+as many mobile operating systems as possible with as little platform-specific
+development work as possible. This workflow came into existence with Cordova 3.0
+and the creation of the Cordova _Command-line Interface_ (CLI). The CLI abstracts
+away a lot of the functionality of lower-level shell scripts that take care of the
+details involved with building your app, such as copying your web assets into 
+the correct folders for each mobile platform, making platform specific configuration
+changes, or running specific build scripts to generate application binaries. You can read 
+more about the _Web Project Dev_ workflow in The Command-line Interface. Please note
+that often when people speak of the "CLI," they are talking about this _Web Project Dev_
+workflow.
+
+### Native Platform Dev
+
+The second workflow can be thought of as a _Native Platform Dev_ workflow. You should use it
+when you want to focus on building an application for a single platform and are 
+interested in changing the lower-level platform details. While you can still use this workflow
+to build cross-platform apps, the lack of tools to abstract away the various build steps will
+make it more difficult. For example, you will have to use Plugman to
+install the same plugin once for each platform that you want to support. The 
+benefit to using this _Native Platform Dev_ workflow is that it gives you access to the lower-level
+shell scripts to build and test the application, so if you are hacking on the native 
+side of things, this workflow is the most efficient way to test your changes. This workflow
+is also appropriate if you want to use the CordovaWebView as a small part in a larger native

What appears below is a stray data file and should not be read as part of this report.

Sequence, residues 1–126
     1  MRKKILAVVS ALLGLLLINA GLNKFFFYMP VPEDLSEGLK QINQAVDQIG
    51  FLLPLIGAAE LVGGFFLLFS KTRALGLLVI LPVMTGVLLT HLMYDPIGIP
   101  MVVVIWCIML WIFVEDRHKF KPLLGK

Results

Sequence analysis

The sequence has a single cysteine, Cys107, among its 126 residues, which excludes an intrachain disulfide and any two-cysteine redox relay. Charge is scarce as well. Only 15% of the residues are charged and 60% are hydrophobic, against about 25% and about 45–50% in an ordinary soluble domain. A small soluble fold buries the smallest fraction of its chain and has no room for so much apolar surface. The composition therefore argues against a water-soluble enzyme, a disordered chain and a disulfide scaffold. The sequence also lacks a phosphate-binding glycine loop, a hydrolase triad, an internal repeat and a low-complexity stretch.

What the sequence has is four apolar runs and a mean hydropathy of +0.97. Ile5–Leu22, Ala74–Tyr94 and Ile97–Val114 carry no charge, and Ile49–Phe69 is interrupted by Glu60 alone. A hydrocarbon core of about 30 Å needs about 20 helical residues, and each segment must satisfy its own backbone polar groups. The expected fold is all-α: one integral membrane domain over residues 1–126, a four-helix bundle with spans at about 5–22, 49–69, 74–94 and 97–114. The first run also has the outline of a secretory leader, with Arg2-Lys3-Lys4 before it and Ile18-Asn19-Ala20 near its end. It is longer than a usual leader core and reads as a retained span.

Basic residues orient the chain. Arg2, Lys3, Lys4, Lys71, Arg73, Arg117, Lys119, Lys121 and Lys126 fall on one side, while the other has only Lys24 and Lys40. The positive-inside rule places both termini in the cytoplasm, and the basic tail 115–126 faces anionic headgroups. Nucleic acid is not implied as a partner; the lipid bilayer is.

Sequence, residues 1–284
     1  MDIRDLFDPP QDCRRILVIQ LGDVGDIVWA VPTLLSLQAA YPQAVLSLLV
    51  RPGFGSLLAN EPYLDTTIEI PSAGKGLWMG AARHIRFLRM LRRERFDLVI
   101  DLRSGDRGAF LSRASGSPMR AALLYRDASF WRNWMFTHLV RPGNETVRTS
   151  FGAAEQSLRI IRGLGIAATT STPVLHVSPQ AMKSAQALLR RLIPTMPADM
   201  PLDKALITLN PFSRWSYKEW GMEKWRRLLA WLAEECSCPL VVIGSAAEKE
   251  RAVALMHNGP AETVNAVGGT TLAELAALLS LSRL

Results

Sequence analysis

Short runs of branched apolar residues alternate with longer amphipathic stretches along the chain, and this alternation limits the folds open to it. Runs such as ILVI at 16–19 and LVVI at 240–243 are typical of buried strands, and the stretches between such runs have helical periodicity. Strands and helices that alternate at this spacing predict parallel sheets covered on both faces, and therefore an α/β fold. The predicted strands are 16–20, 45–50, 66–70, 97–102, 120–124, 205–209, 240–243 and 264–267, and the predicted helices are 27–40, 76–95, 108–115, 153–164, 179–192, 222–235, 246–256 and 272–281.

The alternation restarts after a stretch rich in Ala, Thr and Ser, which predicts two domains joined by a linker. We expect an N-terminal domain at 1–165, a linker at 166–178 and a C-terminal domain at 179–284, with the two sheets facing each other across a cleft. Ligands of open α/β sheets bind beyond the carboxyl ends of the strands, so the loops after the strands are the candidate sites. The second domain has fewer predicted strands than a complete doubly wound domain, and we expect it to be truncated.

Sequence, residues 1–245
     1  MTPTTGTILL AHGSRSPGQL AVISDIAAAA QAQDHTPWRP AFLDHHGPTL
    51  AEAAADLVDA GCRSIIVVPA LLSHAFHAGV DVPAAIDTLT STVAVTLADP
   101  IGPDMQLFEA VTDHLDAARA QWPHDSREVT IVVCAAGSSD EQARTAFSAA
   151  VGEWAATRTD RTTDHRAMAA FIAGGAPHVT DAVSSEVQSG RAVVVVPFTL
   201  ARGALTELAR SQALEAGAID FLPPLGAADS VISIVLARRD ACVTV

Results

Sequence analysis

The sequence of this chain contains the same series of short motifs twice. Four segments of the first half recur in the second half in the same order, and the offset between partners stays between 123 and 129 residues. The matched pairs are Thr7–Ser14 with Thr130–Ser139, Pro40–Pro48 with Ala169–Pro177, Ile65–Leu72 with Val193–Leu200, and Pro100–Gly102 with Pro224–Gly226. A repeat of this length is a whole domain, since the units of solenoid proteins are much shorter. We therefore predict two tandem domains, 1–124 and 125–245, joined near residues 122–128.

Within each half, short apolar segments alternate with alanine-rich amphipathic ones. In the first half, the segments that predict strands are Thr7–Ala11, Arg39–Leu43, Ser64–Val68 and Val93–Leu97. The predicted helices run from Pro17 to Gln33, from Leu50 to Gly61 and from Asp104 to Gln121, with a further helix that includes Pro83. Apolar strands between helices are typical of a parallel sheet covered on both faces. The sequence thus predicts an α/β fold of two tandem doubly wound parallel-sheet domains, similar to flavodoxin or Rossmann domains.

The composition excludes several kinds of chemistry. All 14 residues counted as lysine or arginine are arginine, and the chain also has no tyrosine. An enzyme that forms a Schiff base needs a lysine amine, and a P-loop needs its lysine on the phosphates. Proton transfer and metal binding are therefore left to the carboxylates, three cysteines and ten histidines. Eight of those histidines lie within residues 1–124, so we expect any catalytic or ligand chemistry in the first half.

+application (See the Embedding WebViews guide.)  You can read about this workflow in the different
+Shell Tool guides, for instance, Android Shell Tool Guide and iOS Shell Tool Guide.
+
+When first starting out, it might be easiest to use the _Web Project Dev_ workflow
+to create an application. (To install the CLI, see The Command-line Interface.)
+Depending on the set of platforms you wish to target, you can rely on
+the CLI for progressively greater shares of the development cycle:
+
+* In the most basic scenario, you can use the CLI simply to create a
+  new project that is populated with default configuration for you to
+  modify.
+
+* For many mobile platforms, you can also use the CLI to set up
+  additional project files required to compile within each SDK.  For
+  this to work, you must install each targeted platform's SDK.
+  (See the Platform Guides for instructions.)
+  As indicated in the Platform Support table, you may need to
+  run the CLI on different operating systems depending on the targeted
+  platform.
+
+* For supporting platforms, the CLI can compile executible
+  applications and run them in an SDK-based device emulator.
+  For comprehensive testing, you can also generate application files
+  and install them directly on a device.
+
+At any point in the development cycle, you can switch to using more of the _Native Platform
+Dev_ workflow. The platform-specific SDK tools provided may provide a richer set of